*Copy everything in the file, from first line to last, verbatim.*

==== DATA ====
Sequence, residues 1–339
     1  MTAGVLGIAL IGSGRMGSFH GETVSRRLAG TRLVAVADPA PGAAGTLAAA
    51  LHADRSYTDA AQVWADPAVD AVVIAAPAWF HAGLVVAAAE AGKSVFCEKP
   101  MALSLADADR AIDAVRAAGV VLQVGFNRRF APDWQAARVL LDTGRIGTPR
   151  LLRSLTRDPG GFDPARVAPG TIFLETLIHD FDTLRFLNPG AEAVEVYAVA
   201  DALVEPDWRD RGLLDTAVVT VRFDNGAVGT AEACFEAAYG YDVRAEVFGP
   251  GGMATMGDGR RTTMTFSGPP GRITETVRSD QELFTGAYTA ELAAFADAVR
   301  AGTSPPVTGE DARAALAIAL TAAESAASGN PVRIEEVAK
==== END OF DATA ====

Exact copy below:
Sequence, residues 1–339
     1  MTAGVLGIAL IGSGRMGSFH GETVSRRLAG TRLVAVADPA PGAAGTLAAA
    51  LHADRSYTDA AQVWADPAVD AVVIAAPAWF HAGLVVAAAE AGKSVFCEKP
   101  MALSLADADR AIDAVRAAGV VLQVGFNRRF APDWQAARVL LDTGRIGTPR
   151  LLRSLTRDPG GFDPARVAPG TIFLETLIHD FDTLRFLNPG AEAVEVYAVA
   201  DALVEPDWRD RGLLDTAVVT VRFDNGAVGT AEACFEAAYG YDVRAEVFGP
   251  GGMATMGDGR RTTMTFSGPP GRITETVRSD QELFTGAYTA ELAAFADAVR
   301  AGTSPPVTGE DARAALAIAL TAAESAASGN PVRIEEVAK